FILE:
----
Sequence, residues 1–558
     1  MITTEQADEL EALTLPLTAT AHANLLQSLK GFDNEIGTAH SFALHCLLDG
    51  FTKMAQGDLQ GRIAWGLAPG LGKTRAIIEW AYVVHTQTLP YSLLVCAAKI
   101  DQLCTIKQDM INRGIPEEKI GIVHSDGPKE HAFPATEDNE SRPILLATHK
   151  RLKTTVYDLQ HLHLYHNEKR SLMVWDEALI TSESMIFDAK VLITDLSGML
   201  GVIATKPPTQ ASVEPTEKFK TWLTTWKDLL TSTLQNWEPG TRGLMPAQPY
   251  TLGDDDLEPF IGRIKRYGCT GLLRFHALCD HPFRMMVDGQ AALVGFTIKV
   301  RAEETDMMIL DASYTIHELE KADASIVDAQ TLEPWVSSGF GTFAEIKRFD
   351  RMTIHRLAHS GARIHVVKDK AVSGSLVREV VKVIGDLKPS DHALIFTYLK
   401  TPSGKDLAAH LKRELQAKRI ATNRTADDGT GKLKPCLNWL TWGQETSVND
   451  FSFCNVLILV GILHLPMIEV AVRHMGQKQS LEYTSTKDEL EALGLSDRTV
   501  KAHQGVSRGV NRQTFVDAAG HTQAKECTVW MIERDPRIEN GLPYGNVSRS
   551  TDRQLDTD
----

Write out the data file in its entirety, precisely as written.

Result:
Sequence, residues 1–558
     1  MITTEQADEL EALTLPLTAT AHANLLQSLK GFDNEIGTAH SFALHCLLDG
    51  FTKMAQGDLQ GRIAWGLAPG LGKTRAIIEW AYVVHTQTLP YSLLVCAAKI
   101  DQLCTIKQDM INRGIPEEKI GIVHSDGPKE HAFPATEDNE SRPILLATHK
   151  RLKTTVYDLQ HLHLYHNEKR SLMVWDEALI TSESMIFDAK VLITDLSGML
   201  GVIATKPPTQ ASVEPTEKFK TWLTTWKDLL TSTLQNWEPG TRGLMPAQPY
   251  TLGDDDLEPF IGRIKRYGCT GLLRFHALCD HPFRMMVDGQ AALVGFTIKV
   301  RAEETDMMIL DASYTIHELE KADASIVDAQ TLEPWVSSGF GTFAEIKRFD
   351  RMTIHRLAHS GARIHVVKDK AVSGSLVREV VKVIGDLKPS DHALIFTYLK
   401  TPSGKDLAAH LKRELQAKRI ATNRTADDGT GKLKPCLNWL TWGQETSVND
   451  FSFCNVLILV GILHLPMIEV AVRHMGQKQS LEYTSTKDEL EALGLSDRTV
   501  KAHQGVSRGV NRQTFVDAAG HTQAKECTVW MIERDPRIEN GLPYGNVSRS
   551  TDRQLDTD